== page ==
Peter Desbarats is a Montreal, Quebec-born Canadian author, playwright and journalist. He is the former dean of journalism at the University of Western Ontario (1981-1997), a former commissioner in the Somalia Inquiry and a former Maclean-Hunter chair of communications ethics at Ryerson University.


Fred Fletcher is university professor emeritus, communication studies and political science, York University, the author of many studies of the news media in Canada, including The Newspaper and Public Affairs, and one of the founding researchers of the Canadian Internet Project (a partner in the World Internet Project).  He is past president of the Canadian Media Research Consortium.


Donna Logan is president of the Canadian Media Research Consortium and founding director of the Graduate School of Journalism at UBC.  She is also a professor emerita of UBC.  Prior to joining UBC, she worked as a print and broadcast journalist, holding several senior executive positions at CBC, among them vice-president of CBC Radio networks.


Neil McIntosh is head of editorial development for The Guardian website:  A former print journalist, he joined the site in 2004 and has been responsible for the rollout of the site’s blogs and award-winning range of audio and video services.  He speaks regularly on innovation in journalism in Europe and the U.S. and blogs at


Robert G. Picard, professor of media economics and director of the Media Management and Transformation Centre at Jönköping International Business School, Jönköping University, Sweden, is author and editor of 22 books, including The Economics and Financing of Media Companies, The Internet and the Mass Media, and Media Firms: Structure, Operations, and Performance. He is editor of the Journal of Media Business Studies and was previously editor of The Journal of Media Economics.


Michael Rogers is a leading international expert on the impact of technology on business and society, he is futurist-in-residence for the New York Times Company, as well an interactive media pioneer, novelist and journalist. He also writes the popular Practical Futurist column for MSNBC.  Previously he was vice president of The Washington Post's new media division, as well as editor and general manager of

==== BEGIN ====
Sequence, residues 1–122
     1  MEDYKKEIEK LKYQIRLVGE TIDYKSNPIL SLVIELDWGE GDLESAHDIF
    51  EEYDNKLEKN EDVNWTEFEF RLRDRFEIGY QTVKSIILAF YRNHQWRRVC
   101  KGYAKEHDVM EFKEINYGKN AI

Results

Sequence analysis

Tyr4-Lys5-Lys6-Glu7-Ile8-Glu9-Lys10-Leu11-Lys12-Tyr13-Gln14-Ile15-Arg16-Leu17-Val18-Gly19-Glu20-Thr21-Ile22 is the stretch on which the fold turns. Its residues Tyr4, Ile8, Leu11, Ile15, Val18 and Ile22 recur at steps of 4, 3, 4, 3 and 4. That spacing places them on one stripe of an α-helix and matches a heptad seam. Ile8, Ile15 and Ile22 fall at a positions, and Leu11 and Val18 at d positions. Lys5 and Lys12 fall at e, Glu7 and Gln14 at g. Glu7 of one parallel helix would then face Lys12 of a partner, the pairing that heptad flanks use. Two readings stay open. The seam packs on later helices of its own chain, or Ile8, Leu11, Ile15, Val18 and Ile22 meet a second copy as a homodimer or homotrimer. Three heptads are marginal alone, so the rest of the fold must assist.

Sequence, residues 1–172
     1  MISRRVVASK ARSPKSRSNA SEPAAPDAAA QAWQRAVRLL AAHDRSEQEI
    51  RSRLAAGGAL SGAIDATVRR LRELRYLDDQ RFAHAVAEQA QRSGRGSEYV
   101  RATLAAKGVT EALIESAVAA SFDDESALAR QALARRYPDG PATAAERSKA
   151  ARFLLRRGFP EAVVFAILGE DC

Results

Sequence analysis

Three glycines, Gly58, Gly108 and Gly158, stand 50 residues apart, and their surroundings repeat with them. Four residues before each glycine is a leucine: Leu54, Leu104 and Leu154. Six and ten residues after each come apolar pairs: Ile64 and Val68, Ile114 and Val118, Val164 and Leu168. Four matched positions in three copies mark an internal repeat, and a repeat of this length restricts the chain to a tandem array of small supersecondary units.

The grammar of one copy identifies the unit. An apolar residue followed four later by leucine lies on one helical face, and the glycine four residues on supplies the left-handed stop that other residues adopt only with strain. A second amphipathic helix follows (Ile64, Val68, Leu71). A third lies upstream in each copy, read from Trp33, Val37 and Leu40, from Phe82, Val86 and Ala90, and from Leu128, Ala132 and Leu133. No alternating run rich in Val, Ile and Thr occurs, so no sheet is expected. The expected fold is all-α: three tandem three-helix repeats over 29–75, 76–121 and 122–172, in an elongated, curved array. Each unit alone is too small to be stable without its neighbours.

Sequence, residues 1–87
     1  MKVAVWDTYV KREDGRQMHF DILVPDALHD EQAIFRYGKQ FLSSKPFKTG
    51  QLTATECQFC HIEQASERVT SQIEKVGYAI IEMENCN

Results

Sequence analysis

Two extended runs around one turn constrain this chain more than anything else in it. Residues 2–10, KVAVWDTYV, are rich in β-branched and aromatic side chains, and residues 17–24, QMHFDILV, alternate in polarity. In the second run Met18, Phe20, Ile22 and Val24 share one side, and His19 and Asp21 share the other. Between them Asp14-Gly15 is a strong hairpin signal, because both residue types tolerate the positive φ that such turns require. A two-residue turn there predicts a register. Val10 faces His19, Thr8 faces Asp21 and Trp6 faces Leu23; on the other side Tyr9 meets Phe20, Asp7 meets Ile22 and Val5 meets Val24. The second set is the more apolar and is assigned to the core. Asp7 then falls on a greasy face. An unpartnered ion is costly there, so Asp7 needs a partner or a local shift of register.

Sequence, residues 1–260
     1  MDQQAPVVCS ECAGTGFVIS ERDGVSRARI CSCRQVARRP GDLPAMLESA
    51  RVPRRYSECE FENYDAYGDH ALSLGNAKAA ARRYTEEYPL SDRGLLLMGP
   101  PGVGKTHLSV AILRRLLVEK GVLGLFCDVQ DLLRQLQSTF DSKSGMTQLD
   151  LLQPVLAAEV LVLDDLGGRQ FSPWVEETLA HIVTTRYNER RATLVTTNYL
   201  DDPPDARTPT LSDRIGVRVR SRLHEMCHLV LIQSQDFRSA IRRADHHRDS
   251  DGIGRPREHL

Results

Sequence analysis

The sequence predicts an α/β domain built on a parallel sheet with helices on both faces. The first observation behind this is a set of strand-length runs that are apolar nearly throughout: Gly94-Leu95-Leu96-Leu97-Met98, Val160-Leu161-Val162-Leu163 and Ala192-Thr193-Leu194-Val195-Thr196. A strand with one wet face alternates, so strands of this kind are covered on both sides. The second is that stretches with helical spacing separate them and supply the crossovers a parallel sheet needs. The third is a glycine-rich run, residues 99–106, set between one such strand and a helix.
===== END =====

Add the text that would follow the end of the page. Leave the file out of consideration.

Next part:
Jan Schaffer is former business editor and a Pulitzer Prize winner for The Philadelphia Inquirer. She is now executive director of J-Lab: The Institute for Interactive Journalism and one of the nation’s leading thinkers in the journalism reform movement. She left daily journalism in 1994 to lead pioneering journalism initiatives in the areas of civic journalism, interactive and participatory journalism and citizen media ventures.


Mary Lynn Young, director at the UBC School of Journalism, is an award-winning academic, university educator and newspaper columnist.  She has worked as an editor, national business columnist and senior crime reporter at major daily newspapers in Canada and the United States.


Senior Executive Panel


Phil Lind, Vice-Chairman, Rogers Communication Incorporated

David Asper, Executive-Vice-President, CanWest Global Communications Corporation 

John Cruickshank, Publisher, CBC News


Organizing and Advisory Committee

(In alphabetical order:)

Gene Allen, Board Member, CMRC-CCRM and Director, Master of Journalism Program, Ryerson University

Colette Brin, Professor, Département d'information et de communication, Universtié   Laval

Leonard Brody, Co-founder and CEO, NowPublic

Jeffrey Dvorkin, Executive Director of Journalism, The Real News Network

Pierre Delagrave, President, Cossette Media and Fjord Interactive Marketing and Technology

Peter Desbarats, Former Dean, Graduate Program in Journalism, University of Western Ontario

Fred Fletcher, Former Chair, CMRC-CCRM, and University Professor Emeritus, Communication Studies and Political Science, York University

Glenn Garnett, Executive Editor-in-Chief, Sun Media Corp.

Darlene Haber, President and Executive Producer, MediaVision

Alfred Hermida, Associate Professor, UBC Graduate School of Journalism

Pierre Juneau, Former CRTC Chair and Former CBC President

Darryl Korell, Research Co-ordinator, Canadian Media Research Consortium

Paul Knox, Chair, School of Journalism, Ryerson University

Kirk LaPointe, Managing Editor, The Vancouver Sun and Member, Advisory Council, CMRC/CCRM

Robert Lewis, Vice-President, Content Development, Rogers Communications Inc.

Donna Logan, Chair, CMRC/CCRM, Founding Director, School of Journalism and     Professor Emerita, University of British Columbia

Trina McQueen, CTV Professor of Broadcast Management, Schulich School of Business, York University


Eric Morrison, President, Canadian Press

André Préfontaine, Publisher, Canadian Geographic

Philip Savage, Assistant Professor, Communications Studies, McMaster University

Florian Sauvageau, Vice Chair, CMRC-CCRM and Director, Centre d'études sur les médias

Scott White, Editor-in-Chief, Canadian Press

Kaan Yigit, Founder and President, Solutions Research Group Consultants

Mary Lynn Young, Director, Graduate School of Journalism, University of British Columbia